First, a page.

I water my potted DF every day in the summer.  We don't get any summer rains here.  Winter time maybe twice a week if it hasn't rained.  They respond well to a lot of fertilizer too.

They like way more water than most people realize. 

Tropical Fruit Buy, Sell & Trade / Re: Wanted: Nazemetz pineapple guava
« on: December 17, 2013, 12:12:49 AM »
Interesting idea.  We have a walk-in refrigerator and even though we get enough chill for many fruit Iíve considered using it for giving cherries enough chill hours to fruit.  Of course we have the walk-in for other reasons so there would be no added expense. 

Chill hours are calculated by the number of hours between 32 and 45 degrees F, so your chill house would have to get close to 45 although maybe pineapple guava wouldnít need it quite that cold.

Tropical Fruit Discussion / Re: Dragon Fruit thread.
« on: December 17, 2013, 12:00:15 AM »
They love water.  They are a cactus, but keep in mind they are an under-story plant from a rainforest environment.  They can survive long periods of drought but they do best with daily watering in most sub-tropical areas.  Also they have a very shallow fibrous roots system, so unless it is constantly muddy along the canal Iíd expect them to do fine.  Over watering can cause the green part of the stem to rot but the core survives and I have never seen it kill a plant here in California.  If you have poor draining soil you may want to watch the watering more closely, but in well drained soil they enjoy frequent waterings.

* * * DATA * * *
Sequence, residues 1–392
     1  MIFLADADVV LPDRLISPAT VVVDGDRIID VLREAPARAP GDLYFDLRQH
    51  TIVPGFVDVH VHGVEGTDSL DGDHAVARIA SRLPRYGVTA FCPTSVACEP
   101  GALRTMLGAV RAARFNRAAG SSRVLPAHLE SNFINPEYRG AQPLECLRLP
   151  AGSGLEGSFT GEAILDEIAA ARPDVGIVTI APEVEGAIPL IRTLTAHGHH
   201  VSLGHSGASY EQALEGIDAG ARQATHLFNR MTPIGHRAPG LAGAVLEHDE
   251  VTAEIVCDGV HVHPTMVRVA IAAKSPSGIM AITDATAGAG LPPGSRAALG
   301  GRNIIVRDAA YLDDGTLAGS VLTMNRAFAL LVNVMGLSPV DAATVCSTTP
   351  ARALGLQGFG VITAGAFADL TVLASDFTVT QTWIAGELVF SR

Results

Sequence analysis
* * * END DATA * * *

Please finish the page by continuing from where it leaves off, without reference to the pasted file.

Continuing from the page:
Tropical Fruit Discussion / Re: Watering Jaboticaba with aspirin ?
« on: December 16, 2013, 11:49:16 PM »
Hi Luc,

I haven't tried it myself but I did a little looking.  I didnít look for anything specific to jaboticaba but just the effect of aspirin on plants.

This books talks about it as now being considered a plant hormone: